Do you have a granny square blanket in your house? Since I learnt to crochet four years ago I’ve noticed how many fictional homes on TV and in movies have a crochet blanket draped on the couch. Remember the crochet blanket on Roseanne? An episode was even named after it – “Home Is Where the Afghan Is” (check it out at 3:34 in this video). Don and Betty Draper have a crochet blanket on their couch in the early seasons of Mad Men, Amy from The Big Bang Theory has a blanket made of granny squares and I remember a beautiful blue and brown chevron blanket in the movie Bridesmaids.

Granny square

Hodge Podge number 2 is already underway, again, random colours from my stash with no plan as to the pattern or order of the colours. Since both are made of scrap and leftover yarn it makes the blankets practically costless projects right? Free craft! Some say the granny square pattern was originally designed for just that, using up leftover yarn.

Here’s a video tutorial to get started on your own granny squares. You know you want to!

Photographed at Free Range Living in Kurnell, NSW.

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Look What I Made: Needle Book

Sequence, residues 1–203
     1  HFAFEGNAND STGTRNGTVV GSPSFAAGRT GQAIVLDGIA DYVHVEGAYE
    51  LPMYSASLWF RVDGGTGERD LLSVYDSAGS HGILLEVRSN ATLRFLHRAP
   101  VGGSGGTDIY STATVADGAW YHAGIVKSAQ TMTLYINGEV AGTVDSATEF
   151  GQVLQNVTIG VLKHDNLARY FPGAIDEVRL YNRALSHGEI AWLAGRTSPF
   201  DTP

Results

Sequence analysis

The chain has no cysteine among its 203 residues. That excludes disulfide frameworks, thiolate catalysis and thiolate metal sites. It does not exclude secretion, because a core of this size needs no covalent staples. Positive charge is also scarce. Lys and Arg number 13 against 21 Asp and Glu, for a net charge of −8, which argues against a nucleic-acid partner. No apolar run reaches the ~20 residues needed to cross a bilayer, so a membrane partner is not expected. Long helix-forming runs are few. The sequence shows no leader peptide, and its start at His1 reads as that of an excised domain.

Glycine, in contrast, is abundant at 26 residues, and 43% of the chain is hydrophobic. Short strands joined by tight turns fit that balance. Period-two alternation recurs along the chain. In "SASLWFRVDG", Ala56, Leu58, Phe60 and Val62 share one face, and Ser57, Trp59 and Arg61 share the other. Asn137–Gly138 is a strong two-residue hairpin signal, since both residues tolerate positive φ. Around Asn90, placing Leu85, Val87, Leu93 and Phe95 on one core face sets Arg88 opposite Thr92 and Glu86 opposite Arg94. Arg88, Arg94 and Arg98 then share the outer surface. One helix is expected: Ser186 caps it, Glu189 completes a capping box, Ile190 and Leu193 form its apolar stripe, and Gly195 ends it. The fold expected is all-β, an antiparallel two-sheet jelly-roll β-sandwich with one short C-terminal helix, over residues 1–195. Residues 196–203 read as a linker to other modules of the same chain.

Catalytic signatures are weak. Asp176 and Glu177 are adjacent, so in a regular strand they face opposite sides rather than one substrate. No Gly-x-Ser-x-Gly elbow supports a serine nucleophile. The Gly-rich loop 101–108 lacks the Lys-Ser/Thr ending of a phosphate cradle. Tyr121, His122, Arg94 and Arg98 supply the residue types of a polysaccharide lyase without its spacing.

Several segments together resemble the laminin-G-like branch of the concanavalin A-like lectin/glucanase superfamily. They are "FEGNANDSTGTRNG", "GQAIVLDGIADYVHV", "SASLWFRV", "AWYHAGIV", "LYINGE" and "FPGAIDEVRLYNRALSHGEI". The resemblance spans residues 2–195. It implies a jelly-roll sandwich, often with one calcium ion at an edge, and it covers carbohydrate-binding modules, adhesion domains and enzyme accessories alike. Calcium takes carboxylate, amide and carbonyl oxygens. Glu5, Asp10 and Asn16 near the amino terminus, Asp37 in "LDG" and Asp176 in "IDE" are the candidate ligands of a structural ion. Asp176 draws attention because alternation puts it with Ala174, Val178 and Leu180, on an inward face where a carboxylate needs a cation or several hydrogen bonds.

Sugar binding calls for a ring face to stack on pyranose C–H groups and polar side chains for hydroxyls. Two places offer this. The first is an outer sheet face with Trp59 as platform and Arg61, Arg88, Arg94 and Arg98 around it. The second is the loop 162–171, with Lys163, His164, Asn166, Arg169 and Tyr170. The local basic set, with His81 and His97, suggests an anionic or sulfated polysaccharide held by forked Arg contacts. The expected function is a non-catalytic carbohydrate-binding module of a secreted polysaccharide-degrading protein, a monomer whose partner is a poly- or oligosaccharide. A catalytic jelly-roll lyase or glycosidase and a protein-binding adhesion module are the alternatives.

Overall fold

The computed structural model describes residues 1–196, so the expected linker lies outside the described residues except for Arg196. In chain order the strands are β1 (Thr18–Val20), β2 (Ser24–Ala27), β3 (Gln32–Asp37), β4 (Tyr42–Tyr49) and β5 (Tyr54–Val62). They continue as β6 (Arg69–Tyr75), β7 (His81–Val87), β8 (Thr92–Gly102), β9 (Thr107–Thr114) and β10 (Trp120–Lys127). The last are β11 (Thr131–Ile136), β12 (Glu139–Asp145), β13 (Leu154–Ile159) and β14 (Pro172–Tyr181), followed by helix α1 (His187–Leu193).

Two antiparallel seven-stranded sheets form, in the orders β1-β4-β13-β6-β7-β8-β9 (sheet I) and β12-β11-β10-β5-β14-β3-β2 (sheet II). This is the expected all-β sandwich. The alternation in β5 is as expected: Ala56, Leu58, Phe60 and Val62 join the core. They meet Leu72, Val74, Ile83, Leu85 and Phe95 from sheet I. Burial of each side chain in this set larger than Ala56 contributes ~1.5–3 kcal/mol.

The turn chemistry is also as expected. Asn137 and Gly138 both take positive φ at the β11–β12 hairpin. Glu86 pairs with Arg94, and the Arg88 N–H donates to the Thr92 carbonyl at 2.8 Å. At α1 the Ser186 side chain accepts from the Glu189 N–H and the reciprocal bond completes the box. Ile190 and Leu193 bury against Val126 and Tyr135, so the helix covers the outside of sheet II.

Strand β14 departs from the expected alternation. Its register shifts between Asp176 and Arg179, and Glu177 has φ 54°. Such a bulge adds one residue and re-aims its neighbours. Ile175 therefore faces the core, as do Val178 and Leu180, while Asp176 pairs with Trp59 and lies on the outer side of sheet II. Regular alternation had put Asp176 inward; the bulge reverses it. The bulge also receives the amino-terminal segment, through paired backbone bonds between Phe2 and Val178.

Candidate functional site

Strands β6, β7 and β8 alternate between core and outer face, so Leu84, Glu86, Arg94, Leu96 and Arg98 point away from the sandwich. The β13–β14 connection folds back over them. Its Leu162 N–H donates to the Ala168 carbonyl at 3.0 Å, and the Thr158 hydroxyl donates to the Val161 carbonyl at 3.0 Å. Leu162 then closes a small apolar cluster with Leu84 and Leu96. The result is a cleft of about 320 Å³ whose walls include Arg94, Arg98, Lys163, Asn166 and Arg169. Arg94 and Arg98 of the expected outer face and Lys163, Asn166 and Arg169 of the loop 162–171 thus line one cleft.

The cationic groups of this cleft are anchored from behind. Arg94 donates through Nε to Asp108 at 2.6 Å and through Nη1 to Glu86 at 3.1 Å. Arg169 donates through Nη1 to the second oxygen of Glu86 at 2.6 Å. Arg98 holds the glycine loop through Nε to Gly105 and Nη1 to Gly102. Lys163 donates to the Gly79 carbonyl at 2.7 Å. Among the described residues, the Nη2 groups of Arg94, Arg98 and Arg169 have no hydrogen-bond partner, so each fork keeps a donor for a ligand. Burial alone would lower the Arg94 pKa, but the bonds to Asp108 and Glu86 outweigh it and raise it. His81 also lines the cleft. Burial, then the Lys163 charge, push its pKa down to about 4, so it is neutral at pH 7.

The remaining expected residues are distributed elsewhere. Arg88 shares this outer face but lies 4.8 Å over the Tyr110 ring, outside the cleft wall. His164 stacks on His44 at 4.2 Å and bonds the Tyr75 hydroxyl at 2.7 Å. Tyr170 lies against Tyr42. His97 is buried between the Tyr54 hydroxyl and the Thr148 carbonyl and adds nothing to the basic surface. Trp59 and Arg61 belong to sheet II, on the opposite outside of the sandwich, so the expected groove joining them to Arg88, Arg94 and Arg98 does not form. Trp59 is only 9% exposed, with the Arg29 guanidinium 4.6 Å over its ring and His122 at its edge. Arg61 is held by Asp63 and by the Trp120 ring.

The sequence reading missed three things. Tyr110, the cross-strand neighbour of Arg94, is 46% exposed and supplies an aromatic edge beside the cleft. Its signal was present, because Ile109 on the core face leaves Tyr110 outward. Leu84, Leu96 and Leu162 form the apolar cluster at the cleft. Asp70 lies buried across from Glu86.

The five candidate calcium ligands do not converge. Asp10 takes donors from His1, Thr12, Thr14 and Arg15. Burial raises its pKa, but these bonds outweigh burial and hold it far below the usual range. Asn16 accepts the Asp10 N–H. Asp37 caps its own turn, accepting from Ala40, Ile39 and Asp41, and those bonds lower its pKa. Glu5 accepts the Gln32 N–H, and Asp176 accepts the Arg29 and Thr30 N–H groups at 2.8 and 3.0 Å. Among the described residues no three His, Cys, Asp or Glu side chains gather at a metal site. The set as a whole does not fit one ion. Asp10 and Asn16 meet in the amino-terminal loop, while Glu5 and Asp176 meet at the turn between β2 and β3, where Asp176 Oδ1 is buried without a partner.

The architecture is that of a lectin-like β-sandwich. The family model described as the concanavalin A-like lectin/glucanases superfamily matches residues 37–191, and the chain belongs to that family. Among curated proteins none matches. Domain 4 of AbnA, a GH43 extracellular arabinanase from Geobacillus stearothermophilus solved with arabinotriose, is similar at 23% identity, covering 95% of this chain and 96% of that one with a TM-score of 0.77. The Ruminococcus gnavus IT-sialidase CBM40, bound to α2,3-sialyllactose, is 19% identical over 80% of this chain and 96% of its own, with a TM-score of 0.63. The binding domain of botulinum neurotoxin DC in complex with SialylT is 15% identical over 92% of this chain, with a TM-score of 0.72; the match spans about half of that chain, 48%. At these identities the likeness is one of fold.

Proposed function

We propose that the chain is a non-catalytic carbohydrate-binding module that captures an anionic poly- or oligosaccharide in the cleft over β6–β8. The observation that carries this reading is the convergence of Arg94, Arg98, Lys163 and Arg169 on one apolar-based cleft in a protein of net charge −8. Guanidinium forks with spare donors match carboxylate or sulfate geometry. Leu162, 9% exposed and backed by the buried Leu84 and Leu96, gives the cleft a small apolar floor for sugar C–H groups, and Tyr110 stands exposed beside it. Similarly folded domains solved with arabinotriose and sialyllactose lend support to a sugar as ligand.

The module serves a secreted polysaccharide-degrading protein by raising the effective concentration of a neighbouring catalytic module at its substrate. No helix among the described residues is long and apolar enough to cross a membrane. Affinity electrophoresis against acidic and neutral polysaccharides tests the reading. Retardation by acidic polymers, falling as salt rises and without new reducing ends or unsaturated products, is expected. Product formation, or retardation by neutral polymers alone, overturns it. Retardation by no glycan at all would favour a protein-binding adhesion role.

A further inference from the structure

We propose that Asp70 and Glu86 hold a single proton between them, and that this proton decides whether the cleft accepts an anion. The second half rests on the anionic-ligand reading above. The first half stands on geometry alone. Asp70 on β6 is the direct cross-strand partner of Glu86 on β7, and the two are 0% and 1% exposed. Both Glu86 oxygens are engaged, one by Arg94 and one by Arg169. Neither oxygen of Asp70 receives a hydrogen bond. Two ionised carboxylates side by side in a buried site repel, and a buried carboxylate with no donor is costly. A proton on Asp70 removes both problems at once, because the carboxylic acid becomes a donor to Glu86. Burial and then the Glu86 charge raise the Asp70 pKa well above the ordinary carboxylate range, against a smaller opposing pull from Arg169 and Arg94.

Last month while visiting my grandmother I noticed a button on my coat was loose. I asked my nanna for a needle and thread so I could re-attach it. Out comes the sorriest excuse for a sewing kit I’ve seen! A small basket, with a couple of spools of thread, one pair of fabric scissors and a few needles hanging on for dear life in the cardboard packet they were sold in. The packet was so worn there wasn’t much holding the needles from escaping, never to be seen again. So I made Nanna a small needle book as part of her 80th  birthday present. Something tells me she liked it; when she opened the present she giggled like a schoolgirl at me giving her “encouragement to keep sewing”. It does seem like our grandmother/granddaughter roles are slightly reversed doesn’t it?

needle_book copy

The needle book reminds me of a story I’ve heard Nanna tell a couple of times. (Ok, so I like hearing it and ask her to repeat it at random times.) One Christmas morning when she was a young girl Nanna got up early, while her sister Beth was still sleeping, to check if Santa had been. He had, and left a sewing box each for her and her sister. Nanna saw the boxes, quickly decided she liked Beth’s better than the one left for her so swapped the tags on the gifts. I’m sure Beth received the sewing box meant for Nanna later that morning and was none the wiser. My cousin recently asked me “When did Nanna get so cheeky?!”. Well cousin, I do think she might have always been that way!

Happy birthday, Nanna.

The fabric is some leftover Summer Song by Riley Blake (still one of my favourite collections) and is partly inspired by the lovely needle books Amy from Nana Company makes.
Small projects can be so satisfying, I must remember that in future because I tend to embark on large, time-consuming projects more often than not.